Lean Startup: Are You Building An Awesome feature That Nobody Will Use

The lean startup teaches a scientific approach to creatingLean Startup Methodology startups that are able to deliver the products to the customer quickly and also use relatively lesser resources in that process. Let's try to understand some of the concepts of lean startup mechanism in simple language. Let's start by looking first at what you should not be doing to create a lean startup.

Are you creating an Un-"Lean Startup"

You got an idea or maybe you saw a problem somewhere and thought of a solution. Then, you did some market or customer research (assuming you indeed did it) to validate the need of your solution and embarked upon the development of your solution. That's how almost all the startups get started.

But as the development starts, suddenly after few days that very solution that seemed marvelous in the beginning starts looking inadequate. So, you think of adding another feature to make it better. And then this cycle repeats after every few days of development, the solution would seems lacking something or the other and you would keep on adding another feature to make it complete. You are struck in the trap of building an awesome product for your startup.

And the most unfortunate part of this trap is that you tend to decide what's missing and what's more to be added, without any customer validation. Somehow the confidence of having a vision to come up with the core idea and its initial customer validation makes an entrepreneur believe that he is the best judge for any decision around that idea.

The results are prolonged development, a bulky product, lack of focus in your solution and an inability to do further quick experiments. All these things are disastrous for a startup and a recipe of guaranteed failure. So, let's see how an entrepreneur can avoid this trap and follow a better lean startup approach.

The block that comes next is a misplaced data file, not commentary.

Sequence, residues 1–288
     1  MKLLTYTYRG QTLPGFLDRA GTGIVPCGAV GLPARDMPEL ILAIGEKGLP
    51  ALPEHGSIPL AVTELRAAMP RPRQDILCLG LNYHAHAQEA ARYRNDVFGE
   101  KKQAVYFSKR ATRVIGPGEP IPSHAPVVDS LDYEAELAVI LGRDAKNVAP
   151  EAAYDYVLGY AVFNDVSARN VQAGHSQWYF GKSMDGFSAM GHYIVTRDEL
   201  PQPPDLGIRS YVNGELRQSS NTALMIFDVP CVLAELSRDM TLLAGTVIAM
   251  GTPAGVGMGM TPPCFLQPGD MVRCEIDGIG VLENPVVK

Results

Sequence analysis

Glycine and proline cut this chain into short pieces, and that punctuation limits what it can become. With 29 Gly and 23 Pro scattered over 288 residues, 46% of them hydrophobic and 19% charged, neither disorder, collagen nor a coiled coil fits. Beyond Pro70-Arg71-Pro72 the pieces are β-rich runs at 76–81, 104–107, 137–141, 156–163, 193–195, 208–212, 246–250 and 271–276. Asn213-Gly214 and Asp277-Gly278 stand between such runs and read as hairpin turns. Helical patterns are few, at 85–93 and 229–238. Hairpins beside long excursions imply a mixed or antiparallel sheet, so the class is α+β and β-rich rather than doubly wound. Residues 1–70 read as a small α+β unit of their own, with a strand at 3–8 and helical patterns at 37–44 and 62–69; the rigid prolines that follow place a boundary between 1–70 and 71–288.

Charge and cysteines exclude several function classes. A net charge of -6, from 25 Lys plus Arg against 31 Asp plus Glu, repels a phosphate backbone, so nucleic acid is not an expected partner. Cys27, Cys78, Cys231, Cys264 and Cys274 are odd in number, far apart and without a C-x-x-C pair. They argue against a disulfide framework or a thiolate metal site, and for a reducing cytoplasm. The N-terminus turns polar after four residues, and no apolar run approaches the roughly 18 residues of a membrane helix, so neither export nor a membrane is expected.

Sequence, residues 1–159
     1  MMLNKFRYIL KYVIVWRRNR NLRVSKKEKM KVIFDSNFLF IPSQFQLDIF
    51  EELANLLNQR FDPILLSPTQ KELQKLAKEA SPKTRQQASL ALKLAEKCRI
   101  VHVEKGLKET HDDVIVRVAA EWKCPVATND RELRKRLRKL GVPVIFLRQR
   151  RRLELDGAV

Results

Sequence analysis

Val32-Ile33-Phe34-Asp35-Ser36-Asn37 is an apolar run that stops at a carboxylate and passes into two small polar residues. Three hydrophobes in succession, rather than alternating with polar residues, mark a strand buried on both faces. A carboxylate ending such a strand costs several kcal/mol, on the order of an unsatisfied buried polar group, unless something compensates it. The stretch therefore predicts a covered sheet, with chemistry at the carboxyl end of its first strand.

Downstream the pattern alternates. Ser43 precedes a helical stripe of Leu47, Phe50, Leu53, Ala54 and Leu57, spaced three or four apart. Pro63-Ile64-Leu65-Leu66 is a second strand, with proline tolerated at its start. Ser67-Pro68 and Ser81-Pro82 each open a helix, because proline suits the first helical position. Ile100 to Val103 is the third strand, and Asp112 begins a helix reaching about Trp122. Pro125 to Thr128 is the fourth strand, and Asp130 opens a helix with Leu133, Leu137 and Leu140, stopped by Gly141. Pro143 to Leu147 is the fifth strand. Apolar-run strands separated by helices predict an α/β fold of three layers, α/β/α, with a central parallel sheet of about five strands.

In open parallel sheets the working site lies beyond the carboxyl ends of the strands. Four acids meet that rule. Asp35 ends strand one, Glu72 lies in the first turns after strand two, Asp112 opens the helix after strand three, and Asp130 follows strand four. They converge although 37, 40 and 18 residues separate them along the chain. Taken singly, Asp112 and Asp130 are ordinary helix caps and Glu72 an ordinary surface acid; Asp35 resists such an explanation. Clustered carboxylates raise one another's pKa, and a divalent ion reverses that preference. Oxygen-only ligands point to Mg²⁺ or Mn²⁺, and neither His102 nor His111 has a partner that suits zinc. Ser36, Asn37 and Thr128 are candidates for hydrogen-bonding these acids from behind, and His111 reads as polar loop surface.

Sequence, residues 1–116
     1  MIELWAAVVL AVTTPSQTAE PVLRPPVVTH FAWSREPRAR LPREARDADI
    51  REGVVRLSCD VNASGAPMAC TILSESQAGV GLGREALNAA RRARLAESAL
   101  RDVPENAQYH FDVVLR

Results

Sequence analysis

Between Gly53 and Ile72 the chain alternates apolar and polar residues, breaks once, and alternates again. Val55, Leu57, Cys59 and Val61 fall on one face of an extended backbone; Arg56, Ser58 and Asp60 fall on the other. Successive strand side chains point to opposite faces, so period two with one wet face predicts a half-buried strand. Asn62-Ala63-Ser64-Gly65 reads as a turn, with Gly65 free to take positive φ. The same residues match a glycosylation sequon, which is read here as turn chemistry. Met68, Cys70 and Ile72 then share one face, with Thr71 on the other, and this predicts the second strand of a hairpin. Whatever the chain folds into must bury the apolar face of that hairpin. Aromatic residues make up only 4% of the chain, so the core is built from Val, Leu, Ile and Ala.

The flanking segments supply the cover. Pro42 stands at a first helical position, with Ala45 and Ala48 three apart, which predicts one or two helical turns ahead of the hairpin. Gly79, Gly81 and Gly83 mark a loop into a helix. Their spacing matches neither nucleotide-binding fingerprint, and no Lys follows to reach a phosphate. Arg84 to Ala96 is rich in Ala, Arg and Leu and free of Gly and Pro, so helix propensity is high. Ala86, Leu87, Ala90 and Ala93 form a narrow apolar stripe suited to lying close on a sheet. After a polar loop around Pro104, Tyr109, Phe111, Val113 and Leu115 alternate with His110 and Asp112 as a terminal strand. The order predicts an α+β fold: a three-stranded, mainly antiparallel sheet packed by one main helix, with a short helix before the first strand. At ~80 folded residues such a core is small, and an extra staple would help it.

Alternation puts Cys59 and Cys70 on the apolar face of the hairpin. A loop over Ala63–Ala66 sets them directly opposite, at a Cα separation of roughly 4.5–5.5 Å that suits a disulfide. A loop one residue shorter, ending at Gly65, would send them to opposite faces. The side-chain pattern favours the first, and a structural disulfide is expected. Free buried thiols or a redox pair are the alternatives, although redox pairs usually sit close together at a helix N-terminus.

Shipment Over Perfection

Always give a priority to shipment of the product then building the perfect product. Based on your initial validated feature set for the product, work-out a practical deadline for your shipment or launch of your startup. This deadline should be the top priority then onwards. This rule will keep you away from adding any more non-validated features to the product. An entrepreneur ought to curb the fear of shipping an imperfect product. Although, it is also important here to understand that imperfect product does not mean that the feature you delivered doesn't work or breaks down often. Deliver less but deliver it well.

Let Necessity be the mother of invention

Once you have been able to stick to a deadline as mentioned above and deliver the product. You can move on to think of another set of features, but the question is how you use your already delivered core product for this purpose. Most of the times we tend to think of our core product as a flower bouquet base and then think of other flowers (features) that can be attached to it. And hence you might end up adding something, which is easy to add or goes well with your product, but unfortunately, not required by your users. It leads to wasted effort; a big no for a lean startup, in fact for every entrepreneur.

Instead, use your delivered product as a test bed to find out what additional features your users would want, you can use a feedback form, mailers, your website analytics or direct interaction with your users to know what additional they are looking for. Try to achieve these additional features, even if they do not seem directly or easily integrate-able to your product in the beginning.

An oxymoron: Manual Automation

It is understandable that it not that easy to know 'what people want' and sometimes the only way to find that out is to first offer them something and see if they liked it or not. These would be the cases where you can not eliminate the need of first developing a feature and then doing the validation.  But even in those cases, it is not necessary that you develop a feature completely just to discover that they did not like it. You can handle such situations by doing something that sounds like an oxymoron, Manual automation.

The idea in manual automation is to not develop the whole feature, and limit yourself only to a nice looking interface that enables your users to try and use this feature. But at the back-end you have manual tasks to offer that feature. For example if you need to give your users a button which triggers a transaction automatically. You can just implement a button, which would send an email to you when a user presses the button and then you can do the transaction manually.

Have you been into such a situation and used one of the techniques above or maybe some other technique that saved your effort on doing big developments in a startup. Do share that with us in a comment below.

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